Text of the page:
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How Should We Choose Which Industries To Invest In?

There are many ways to obtain good investment ideas, and as investors, we can choose between a top-down or a bottom-up approach. Assuming you have decided on a top-down approach, the question then becomes how to pick an “attractive” industry to invest in.

Should you choose industries based on their future potential, or should you stick to well-tested industries with long and illustrious track records? There are many ways to answer the question, so let’s explore some of the options.

Stable but “boring” industries

If you’re a more prudent and conservative investor who wishes to sleep well and eschew excitement, you may wish to look for stable but “boring” industries to invest in.

Such industries are ones that have been around for many decades and provide essential products and services that should continue to be in demand for a long time. Examples include food and beverage, repair and maintenance services, and paint. But, in our current technological age, we still need to be mindful of potential disruption, even for age-old industries.

Nascent, disruptive industries

If you’re a more enterprising investor who places a heavier emphasis on growth, you may wish to look at industries that are on the cusp of a major revolution. Examples include genome sequencing, ride-hailing, and artificial intelligence. Such industries are touted as game-changing and are in the process of altering the business landscape to make everyone’s lives better.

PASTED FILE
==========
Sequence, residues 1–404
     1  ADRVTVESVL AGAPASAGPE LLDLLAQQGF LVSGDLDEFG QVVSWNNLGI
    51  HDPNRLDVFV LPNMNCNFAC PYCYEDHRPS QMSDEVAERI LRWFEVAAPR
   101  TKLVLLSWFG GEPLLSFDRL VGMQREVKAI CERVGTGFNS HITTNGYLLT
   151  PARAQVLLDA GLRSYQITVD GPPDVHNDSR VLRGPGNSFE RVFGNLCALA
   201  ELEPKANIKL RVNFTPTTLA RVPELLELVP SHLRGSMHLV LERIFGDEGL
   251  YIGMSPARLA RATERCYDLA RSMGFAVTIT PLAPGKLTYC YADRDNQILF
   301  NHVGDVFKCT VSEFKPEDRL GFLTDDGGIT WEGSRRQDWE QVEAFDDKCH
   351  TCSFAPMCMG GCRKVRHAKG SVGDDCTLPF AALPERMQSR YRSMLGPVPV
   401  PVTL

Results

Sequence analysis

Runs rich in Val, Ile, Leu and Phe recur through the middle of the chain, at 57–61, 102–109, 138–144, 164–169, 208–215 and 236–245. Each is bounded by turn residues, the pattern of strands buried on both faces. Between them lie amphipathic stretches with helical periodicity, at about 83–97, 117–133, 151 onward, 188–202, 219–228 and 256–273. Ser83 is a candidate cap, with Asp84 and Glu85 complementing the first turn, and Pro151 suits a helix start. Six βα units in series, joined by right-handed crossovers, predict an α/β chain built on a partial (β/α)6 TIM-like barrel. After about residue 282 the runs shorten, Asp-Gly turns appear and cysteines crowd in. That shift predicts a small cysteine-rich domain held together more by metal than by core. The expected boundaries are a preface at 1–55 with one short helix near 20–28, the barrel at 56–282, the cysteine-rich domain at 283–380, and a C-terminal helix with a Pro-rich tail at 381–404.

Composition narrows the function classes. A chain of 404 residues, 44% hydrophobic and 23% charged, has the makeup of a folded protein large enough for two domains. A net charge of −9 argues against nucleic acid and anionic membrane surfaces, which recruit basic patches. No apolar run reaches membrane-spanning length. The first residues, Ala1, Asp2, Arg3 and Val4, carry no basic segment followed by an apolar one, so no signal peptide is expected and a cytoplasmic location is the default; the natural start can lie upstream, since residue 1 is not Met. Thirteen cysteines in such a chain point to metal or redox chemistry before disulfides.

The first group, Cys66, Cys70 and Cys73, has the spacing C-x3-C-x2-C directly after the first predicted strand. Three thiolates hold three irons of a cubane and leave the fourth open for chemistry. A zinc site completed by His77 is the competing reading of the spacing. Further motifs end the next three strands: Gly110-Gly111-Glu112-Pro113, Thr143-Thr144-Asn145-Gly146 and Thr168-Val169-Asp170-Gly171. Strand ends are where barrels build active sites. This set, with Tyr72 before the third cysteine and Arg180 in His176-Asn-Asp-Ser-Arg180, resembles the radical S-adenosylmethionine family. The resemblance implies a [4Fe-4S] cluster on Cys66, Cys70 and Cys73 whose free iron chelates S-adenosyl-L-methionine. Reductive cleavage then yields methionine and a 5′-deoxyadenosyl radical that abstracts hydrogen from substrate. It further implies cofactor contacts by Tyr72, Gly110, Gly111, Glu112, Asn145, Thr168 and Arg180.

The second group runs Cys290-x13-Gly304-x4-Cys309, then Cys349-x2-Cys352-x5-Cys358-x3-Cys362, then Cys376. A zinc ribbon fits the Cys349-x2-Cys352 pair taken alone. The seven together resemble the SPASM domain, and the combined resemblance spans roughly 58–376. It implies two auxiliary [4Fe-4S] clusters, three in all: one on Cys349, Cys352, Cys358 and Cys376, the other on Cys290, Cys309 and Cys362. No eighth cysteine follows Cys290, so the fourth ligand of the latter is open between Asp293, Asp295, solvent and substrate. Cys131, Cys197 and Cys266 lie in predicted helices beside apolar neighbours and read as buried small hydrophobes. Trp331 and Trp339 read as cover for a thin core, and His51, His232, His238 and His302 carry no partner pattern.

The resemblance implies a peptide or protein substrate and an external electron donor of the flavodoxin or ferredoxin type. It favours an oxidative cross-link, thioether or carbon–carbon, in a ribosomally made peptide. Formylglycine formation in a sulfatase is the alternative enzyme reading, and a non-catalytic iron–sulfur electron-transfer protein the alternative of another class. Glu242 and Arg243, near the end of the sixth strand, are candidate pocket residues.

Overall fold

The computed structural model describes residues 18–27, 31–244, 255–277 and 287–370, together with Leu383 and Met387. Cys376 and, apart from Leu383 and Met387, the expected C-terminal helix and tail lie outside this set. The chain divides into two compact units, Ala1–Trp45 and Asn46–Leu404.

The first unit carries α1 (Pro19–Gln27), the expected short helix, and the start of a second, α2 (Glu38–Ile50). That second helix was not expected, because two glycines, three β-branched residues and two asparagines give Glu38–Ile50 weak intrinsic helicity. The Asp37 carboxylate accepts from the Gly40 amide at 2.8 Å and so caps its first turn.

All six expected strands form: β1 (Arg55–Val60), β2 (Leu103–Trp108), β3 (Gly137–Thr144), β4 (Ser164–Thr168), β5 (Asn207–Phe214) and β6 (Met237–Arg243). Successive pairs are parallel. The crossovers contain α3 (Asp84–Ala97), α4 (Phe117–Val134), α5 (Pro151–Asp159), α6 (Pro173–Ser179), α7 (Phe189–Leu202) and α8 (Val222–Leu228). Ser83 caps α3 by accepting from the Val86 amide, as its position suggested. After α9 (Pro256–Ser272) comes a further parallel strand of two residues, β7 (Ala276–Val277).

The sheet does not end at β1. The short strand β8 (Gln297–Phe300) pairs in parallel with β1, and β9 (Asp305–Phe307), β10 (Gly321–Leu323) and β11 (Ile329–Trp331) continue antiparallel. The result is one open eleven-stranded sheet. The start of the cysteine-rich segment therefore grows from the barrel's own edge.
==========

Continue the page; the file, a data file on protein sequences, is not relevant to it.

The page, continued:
It’s worth noting though that investment opportunities in these areas may not always be available as some of these industries are nascent, and many companies within them may not be listed on stock markets yet. And even if some of these companies eventually go for an initial public offering (IPO), their valuations may be elevated, as expectations are riding high for them to deliver market-beating growth.

Anti-cyclical industries

You may also wish to consider looking at anti-cyclical industries in order to diversify your portfolio. Industries that see stable demand through different business cycles act as a good stabilizer to a portfolio. Some examples would include healthcare and education.

The Foolish bottom line

From the examples above, it’s clear that we have a whole buffet of industries to choose from if we wish to adopt a top-down investment approach. But we need to look inside ourselves to assess our own investment goals and risk appetite before selecting the appropriate industries on which to conduct research.

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The information provided is for general information purposes only and is not intended to be personalised investment or financial advice.